Two Lovers


Two Lovers

Isabella Rossellini comforts Joaquin Phoenix.

(2008) Romantic Drama (Magnolia) Joaquin Phoenix, Gwynneth Paltrow, Vinessa Shaw, Isabella Rossellini, Elias Koteas, Moni Moshonov, Samantha Ivers. Directed by James Gray

It is difficult to really find the path that’s right for you in life. Early on, your parents may choose one for you and maybe it’s a good path, but right for them, not for you. And if you have a damaged soul, it can be particularly difficult to find any path at all.

Leonard Kraditor (Phoenix) is coming off of one of those romantic break-ups that sucks your soul right out of your body and sends it spinning into the ether. He is somewhat damaged goods to begin with, having issues with bipolar disorder (which to the film’s credit is treated matter-of-factly instead of as a dramatic device) and the break-up shakes him up badly.

He winds up moving back in with his parents in Brighton Beach. He also starts working for his dad (Moshonov) in the dry cleaning business delivering garments to his customers. His mom (Rossellini) wants him to marry a nice Jewish girl (instead of the shikseh who broke his heart) and sets him up with Sandra Cohen (Shaw), the daughter of another dry cleaner. Matchmaker, matchmaker make me a match…

Sandra and Leonard seem to hit it off, but that’s before he meets Michelle (Paltrow), a neighbor who makes Leonard’s problems look positively non-existent.  She is volatile, capricious and prone to grand dramatic gestures and to top things off she’s seeing a married man (Koteas) with problems of his own. On the surface, they would seem to be bad news for one another – which is why they are so attracted to each other, of course.

Of course, Leonard’s mom is mortified; this can only end in disaster and emergency rooms and suicide attempts. Surprisingly, Sandra isn’t about to give up an essentially good man like Leonard without a fight – and Leonard isn’t willing to give up Michelle without one either. How can any man find happiness with two lovers?

The point is, they can’t. At some point you have to commit and that’s what Leonard, whose broken heart has yet to fully heal, has trouble with. It’s in many ways a very powerful look at a situation that we could potentially find ourselves in, particularly in a time where love can become as lethal as an Arizona whacko. Okay, maybe not that lethal.

This is a movie for smart people to a very large degree; there are few of the clichés that dumb down Hollywood romances so often these days and there seems to be at least an attempt to add some realism to the relationships between admittedly damaged people. While yes there’s an element of New York hip to the movie (which can be a deal killer for Big Apple haters), the filmmakers concentrate on the broken shards of Leonard and Michelle’s lives and how they are trying to reassemble something into a whole. There is no pat ending and no Romance 101 storyline. The relationships have ups and downs and Leonard winds up facing a real dilemma; both of these girls are “right” for him only in different ways, and each comes with her own drawbacks. Choosing one over the other is no easy matter and no matter how he chooses, someone’s going to get their heart broken, possibly Leonard himself as well.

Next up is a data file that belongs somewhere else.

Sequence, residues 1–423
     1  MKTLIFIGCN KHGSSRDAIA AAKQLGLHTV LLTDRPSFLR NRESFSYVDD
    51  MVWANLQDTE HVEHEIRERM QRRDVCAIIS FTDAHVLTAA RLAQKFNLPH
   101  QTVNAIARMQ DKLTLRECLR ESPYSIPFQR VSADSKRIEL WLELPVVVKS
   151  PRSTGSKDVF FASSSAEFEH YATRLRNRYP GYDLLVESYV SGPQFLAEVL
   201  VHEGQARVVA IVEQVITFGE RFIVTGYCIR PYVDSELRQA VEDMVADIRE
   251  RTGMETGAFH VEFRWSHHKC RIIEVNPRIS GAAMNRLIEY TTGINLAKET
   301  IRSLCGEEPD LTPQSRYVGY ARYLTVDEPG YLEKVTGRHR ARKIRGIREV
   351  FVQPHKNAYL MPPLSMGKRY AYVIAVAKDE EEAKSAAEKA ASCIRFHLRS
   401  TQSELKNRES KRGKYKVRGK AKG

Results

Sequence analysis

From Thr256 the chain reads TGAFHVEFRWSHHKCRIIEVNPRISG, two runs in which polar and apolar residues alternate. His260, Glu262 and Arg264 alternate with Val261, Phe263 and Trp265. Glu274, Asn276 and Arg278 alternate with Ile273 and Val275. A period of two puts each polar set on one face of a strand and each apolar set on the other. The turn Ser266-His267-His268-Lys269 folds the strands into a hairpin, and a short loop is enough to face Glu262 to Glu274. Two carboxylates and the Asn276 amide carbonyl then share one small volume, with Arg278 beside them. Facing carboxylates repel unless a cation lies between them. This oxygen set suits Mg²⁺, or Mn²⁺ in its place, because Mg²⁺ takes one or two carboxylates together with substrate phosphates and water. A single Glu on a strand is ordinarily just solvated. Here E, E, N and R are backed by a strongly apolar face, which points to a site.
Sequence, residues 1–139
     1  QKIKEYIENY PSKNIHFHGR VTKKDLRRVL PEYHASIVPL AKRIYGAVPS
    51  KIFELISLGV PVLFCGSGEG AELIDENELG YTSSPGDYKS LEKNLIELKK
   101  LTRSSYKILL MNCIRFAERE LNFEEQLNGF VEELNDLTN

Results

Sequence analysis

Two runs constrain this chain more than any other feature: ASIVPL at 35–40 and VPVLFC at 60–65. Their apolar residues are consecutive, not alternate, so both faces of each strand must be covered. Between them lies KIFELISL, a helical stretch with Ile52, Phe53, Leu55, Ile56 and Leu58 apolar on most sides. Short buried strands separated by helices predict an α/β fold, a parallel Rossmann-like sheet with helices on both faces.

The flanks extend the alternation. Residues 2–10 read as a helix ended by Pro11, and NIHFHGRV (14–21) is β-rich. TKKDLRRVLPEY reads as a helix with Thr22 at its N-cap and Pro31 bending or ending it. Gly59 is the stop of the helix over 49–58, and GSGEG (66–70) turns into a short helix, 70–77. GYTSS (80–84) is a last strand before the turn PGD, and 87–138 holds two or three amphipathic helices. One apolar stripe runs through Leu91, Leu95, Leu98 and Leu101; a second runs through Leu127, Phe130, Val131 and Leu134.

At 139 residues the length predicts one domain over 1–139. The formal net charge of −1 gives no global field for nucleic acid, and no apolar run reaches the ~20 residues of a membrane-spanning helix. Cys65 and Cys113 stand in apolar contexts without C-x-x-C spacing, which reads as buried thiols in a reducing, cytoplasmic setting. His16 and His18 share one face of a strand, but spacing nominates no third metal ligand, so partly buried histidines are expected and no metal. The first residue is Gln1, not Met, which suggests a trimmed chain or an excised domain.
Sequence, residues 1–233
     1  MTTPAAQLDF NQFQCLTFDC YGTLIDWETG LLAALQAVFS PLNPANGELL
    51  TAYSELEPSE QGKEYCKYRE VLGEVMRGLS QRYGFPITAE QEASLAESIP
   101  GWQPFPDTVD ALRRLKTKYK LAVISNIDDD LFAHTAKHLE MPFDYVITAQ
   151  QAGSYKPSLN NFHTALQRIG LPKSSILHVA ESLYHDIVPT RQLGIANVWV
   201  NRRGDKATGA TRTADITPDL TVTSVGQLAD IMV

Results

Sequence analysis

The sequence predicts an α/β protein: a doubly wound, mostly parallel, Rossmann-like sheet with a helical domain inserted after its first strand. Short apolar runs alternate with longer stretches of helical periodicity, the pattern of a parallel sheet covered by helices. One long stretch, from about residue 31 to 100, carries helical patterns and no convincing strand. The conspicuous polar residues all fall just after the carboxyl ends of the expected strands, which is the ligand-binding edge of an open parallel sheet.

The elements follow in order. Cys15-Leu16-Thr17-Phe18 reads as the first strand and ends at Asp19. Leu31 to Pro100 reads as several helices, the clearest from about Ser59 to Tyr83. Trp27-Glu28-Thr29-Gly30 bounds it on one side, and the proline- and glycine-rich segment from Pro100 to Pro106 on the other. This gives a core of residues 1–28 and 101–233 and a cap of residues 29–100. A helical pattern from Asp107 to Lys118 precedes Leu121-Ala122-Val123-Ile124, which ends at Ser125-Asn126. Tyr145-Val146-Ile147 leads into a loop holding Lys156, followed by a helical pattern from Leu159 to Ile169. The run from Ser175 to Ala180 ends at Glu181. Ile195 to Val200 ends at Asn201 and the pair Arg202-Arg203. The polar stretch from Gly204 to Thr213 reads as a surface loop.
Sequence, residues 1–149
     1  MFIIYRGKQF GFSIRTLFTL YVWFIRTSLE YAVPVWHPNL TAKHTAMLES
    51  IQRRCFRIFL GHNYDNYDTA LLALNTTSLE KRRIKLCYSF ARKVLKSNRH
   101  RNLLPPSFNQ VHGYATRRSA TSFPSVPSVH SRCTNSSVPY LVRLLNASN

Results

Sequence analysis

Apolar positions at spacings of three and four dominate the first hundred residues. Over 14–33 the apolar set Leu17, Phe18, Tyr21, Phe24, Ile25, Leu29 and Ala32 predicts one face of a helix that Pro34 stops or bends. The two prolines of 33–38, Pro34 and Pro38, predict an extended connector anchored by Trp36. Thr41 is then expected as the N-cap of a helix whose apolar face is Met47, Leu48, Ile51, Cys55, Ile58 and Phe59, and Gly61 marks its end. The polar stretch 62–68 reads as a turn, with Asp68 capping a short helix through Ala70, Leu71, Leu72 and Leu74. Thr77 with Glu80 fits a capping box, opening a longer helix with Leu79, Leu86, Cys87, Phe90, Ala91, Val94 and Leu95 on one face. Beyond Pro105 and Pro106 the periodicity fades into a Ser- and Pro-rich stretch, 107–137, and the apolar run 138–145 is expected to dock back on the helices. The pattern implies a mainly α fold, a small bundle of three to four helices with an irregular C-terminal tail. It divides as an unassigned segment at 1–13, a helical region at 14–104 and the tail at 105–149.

The performances are suitably muted and layered with depths of pain and humanity which are gradually peeled away. This is particularly true of Phoenix and Paltrow; Shaw really doesn’t have as much to work with but she does a solid job as perhaps the only person here I’d want to spend more than an afternoon with.

The movie unfortunately garnered more press for Phoenix’ antics while promoting it; it is while doing press for this movie that he made his now-notorious announcement that he was retiring from acting to take up a hip-hop career which turned out to be an elaborate – and somewhat baffling – hoax, as well as his legendary appearance on the Letterman show that resulted in David Letterman’s now famous line “Thanks for joining us Joaquin. It’s too bad you couldn’t be here tonight.” To a degree, Phoenix wound up overshadowing the movie in terms of hype which I think wound up ultimately doing the film a disservice.

WHY RENT THIS: A well-acted, intelligent slice of life-type look at a young man who is kind of drifting through life and facing a tough decision.

WHY RENT SOMETHING ELSE: The somewhat adrift central characters can be maddening. Those who don’t like New York-centric films might find reason to loathe this.

FAMILY VALUES: It has its fair share of vulgar language, a bit of sexuality (some of it fairly raw) and a little smidgeon of drug use.

TRIVIAL PURSUIT: The movie is set in the Brighton Beach area of Brooklyn. Paltrow’s mother, actress Blythe Danner, starred in the 1986 movie Brighton Beach Memoirs.

NOTABLE DVD EXTRAS: None listed.

BOX OFFICE PERFORMANCE: $16.3M on an unreported production budget; the film in all likelihood came close to breaking even or might have even made a little bit of cash.

FINAL RATING: 5.5/10

TOMORROW: Bigger Stronger Faster

The Great New Wonderful


The Great New Wonderful